Just a quick post to wish you all a very Happy Easter!! πŸ˜€

I know what my plans this weekend will be like… πŸ˜‰

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(Apologies for the shortness of this post I’m super busy at the moment! πŸ™‚ )

Enjoy the chocolate binge everyone!! πŸ™‚ πŸ˜‰

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Aoife

Accepting your Autism Diagnosis

Greetings Earthlings! πŸ™‚

To kick off the new year I’m going to expand a little bit on something I’ve touched on briefly in the past- coming to terms with your autism diagnosis.

As I’ve stated many times, getting my Asperger’s diagnosis was one of the best things that could have happened to me. Two little words clarified a lifetime of questioning, confusion and misunderstanding.

My entire life finally began to make sense.

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Whilst this diagnosis was indeed a welcome one (in spite of the way my diagnosis was sprung on me πŸ˜› ), I struggled to come to terms with it for some time afterwards. As an adult, the diagnosis shouldn’t have changed anything- Asperger’s syndrome explains me, but it does not define me.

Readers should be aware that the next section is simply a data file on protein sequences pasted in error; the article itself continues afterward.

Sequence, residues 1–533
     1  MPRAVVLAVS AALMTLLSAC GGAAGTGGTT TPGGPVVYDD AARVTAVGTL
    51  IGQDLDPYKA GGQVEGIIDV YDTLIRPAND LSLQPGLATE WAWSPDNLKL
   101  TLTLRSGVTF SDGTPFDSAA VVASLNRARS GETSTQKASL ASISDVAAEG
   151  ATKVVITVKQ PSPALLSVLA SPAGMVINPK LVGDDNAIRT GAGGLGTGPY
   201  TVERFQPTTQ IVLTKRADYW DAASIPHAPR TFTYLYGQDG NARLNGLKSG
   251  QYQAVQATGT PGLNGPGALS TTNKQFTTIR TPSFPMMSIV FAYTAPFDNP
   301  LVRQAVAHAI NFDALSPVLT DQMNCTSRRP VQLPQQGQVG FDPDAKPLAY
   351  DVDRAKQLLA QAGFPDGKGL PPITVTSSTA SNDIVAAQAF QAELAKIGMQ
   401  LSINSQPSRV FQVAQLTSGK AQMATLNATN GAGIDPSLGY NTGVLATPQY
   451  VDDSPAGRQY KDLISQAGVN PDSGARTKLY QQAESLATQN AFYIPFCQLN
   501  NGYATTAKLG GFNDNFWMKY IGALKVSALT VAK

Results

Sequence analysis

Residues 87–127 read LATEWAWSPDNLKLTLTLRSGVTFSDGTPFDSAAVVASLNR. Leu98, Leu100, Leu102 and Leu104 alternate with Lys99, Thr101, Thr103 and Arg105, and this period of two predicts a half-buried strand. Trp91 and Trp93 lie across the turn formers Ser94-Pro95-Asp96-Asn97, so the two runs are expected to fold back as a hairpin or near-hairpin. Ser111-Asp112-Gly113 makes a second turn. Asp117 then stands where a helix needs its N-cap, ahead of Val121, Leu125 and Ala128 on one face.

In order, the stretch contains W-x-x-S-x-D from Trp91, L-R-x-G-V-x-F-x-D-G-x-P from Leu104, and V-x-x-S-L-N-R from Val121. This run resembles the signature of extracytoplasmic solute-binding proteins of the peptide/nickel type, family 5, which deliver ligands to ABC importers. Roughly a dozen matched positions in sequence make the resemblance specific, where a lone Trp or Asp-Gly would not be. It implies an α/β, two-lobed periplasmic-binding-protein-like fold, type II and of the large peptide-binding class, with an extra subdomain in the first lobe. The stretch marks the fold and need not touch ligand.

However, just because the shoe fits does not mean that you will break it in overnight.

Logically, there was no issue in being diagnosed; the emotional aspect on the other hand was much tougher.

Getting my diagnosis was like seeing myself for the first time in a mirror. It felt like I had made a revolutionary discovery, and yetΒ  somehow, I was ill at ease. The more I read about Asperger’s, the more self conscious I became of my mannerisms and behaviours. I was hyper-aware of everything that I did.

I knew and accepted that Asperger’s didn’t define me, however, I felt compelled to define it. I talked about Asperger’s incessantly possessed by the niggling urge to explain every single thing I did for fear of being misunderstood. As a friend recently told me, she barely knew my name before I had filled her in about my diagnosis!Β πŸ˜‚

There were times when I felt as though I were beginning to disappear behind the smokescreen of the diagnosis, constantly questioning what was me and what was just Asperger’s.